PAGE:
This is it

I grew up with the songs of Michael Jackson, though I wouldn't have called myself a fan.  That is to say that I didn't consume every bit of detail about his music and career.  It was hard not to consume the stuff about his personal life; we were pummelled with it almost daily.  Skin disorders, a dangling baby, allegations of sexual misconduct, all were tabloid headlines in the 1990s.

I owned the Thriller (1982) album, as did everyone else on the planet back in the 80s, but the album that I connected with more was Off The Wall (1979).  I wore that one out.  The ones that followed - Bad (1987), Dangerous (1991), etc. -  were peppered with recognizable hits, many of which appears in This Is It, the documentary film that captures the preparation process for Michael's final tour that never happened.  He died just two week before the 50-stop sold out tour was about to begin.


My brother-in-law Michael had mentioned the film when we saw each other at a family reunion last weekend.  He was particularly struck by the film's focus on the preparation process.  This was an inside view of the King of Pop at work with his peers.  While its creation and release were controversial - the family didn't endorse it - I'm glad it was made.  It gave me a renewed appreciation for the artist, his music and the way he moved.  Apart from being a strong songwriter and vocalist, Michael Jackson had a dancer's mind and body.  He proved that in spades as they rehearsed up to 22 different numbers.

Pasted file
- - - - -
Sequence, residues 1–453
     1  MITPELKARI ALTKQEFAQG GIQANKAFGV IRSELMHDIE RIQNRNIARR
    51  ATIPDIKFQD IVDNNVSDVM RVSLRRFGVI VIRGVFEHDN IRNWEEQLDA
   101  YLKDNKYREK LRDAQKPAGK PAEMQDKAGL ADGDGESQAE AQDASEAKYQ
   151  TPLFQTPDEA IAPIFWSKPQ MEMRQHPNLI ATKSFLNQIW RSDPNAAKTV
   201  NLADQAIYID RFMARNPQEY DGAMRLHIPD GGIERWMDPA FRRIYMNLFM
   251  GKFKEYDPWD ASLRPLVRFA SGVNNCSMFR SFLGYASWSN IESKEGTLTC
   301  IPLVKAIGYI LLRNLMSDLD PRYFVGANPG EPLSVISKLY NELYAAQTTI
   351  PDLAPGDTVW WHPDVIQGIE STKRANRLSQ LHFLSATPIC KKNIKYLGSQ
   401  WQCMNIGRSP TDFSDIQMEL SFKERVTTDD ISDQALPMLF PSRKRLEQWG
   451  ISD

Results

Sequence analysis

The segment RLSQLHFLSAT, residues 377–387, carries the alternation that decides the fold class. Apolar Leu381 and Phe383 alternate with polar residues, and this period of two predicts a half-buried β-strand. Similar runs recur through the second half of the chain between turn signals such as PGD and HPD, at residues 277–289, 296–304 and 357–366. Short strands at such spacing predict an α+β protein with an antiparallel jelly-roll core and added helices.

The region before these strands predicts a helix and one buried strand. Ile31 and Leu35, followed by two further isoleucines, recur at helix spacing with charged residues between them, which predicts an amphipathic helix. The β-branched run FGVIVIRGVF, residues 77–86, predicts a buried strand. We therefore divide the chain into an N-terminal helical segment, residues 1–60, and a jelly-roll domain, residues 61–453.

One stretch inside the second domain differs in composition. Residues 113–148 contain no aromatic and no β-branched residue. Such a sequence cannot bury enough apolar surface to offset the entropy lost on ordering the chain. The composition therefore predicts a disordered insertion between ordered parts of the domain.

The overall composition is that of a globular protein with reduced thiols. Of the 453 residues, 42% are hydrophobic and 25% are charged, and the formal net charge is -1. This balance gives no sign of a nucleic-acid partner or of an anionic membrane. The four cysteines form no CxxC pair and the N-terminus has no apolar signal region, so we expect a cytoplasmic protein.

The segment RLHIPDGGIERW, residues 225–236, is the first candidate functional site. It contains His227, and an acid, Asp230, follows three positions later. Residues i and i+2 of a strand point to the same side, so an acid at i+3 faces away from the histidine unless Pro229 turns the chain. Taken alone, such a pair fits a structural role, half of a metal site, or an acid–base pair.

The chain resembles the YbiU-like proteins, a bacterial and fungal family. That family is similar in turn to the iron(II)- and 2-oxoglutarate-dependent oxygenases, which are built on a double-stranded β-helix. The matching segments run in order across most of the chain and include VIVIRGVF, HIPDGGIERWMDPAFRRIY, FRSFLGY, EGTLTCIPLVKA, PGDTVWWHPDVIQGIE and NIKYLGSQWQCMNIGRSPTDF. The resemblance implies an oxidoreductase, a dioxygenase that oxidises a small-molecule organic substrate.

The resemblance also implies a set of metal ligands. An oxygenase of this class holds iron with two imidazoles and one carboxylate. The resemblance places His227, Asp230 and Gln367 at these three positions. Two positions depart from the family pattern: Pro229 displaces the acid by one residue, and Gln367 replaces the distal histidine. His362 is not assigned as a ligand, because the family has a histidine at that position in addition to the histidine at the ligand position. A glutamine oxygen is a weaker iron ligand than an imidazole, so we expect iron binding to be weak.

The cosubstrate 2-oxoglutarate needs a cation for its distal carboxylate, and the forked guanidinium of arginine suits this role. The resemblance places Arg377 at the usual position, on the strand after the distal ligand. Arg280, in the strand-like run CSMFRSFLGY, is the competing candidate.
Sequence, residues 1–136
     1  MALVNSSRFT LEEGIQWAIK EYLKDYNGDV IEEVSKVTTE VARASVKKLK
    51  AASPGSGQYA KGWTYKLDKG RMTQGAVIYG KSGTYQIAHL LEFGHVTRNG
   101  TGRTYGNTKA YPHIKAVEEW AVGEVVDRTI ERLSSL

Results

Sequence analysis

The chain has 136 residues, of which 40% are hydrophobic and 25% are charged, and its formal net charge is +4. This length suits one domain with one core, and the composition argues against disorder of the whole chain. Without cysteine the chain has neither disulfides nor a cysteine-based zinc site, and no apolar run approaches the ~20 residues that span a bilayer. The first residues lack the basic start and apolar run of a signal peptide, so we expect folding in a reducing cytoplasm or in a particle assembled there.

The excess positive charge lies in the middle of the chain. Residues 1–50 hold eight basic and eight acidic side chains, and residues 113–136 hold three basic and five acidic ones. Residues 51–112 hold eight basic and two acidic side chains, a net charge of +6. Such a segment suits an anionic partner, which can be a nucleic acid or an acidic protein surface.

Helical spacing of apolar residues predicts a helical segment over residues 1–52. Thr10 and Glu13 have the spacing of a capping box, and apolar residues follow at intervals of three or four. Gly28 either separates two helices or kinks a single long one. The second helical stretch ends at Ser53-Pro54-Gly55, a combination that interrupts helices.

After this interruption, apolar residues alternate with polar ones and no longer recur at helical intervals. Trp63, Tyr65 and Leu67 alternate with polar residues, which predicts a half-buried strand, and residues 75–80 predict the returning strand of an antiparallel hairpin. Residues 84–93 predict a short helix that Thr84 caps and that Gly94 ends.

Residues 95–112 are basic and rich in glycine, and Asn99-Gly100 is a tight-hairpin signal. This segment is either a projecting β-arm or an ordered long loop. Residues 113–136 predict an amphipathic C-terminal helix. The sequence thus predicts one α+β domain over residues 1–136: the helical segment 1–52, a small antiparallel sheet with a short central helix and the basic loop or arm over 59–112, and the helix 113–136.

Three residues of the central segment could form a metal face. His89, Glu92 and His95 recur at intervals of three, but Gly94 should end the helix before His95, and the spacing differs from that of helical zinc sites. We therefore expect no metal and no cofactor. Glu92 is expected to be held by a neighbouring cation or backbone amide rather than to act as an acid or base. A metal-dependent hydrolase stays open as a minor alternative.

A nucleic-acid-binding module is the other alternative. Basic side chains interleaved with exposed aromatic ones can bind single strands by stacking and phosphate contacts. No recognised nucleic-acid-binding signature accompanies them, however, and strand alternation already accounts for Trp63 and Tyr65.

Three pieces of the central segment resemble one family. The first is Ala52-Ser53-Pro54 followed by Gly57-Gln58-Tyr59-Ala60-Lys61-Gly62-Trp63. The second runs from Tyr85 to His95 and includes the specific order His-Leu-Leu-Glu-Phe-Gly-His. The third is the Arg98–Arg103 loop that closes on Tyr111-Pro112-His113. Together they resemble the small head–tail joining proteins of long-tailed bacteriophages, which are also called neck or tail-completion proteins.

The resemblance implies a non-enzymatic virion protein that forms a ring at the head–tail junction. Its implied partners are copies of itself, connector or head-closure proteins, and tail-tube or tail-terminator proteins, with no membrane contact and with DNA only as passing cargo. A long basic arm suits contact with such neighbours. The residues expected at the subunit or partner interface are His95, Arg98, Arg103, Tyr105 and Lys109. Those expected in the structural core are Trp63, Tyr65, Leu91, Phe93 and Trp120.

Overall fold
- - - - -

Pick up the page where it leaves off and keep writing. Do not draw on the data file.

Watching Michael in his element, surrounded by other passionate dancers, musicians and artists, it is clear that he was a consummate professional with a strong work ethic.  He had a clear vision for the material and of the end product he wanted to share with world.  When something wasn't perfect, he would stop everything, suggest small changes and do it again.

He appeared to be in excellent shape, both physically and vocally.  We saw the impact that his death had on fans and the general public.  Imagine how those working most closely with him would have reacted and felt.  Watching this film, it almost unimaginable.


Because Michael Jackson was on my mind so much this week, it made sense to spend time with him at the easel.  I had painted a portrait of him from his Jackson Five period for the Northstar Ford Motown Collection in 2015.  I thought it was time to do a portrait of the grown up Michael.

 

Popular Posts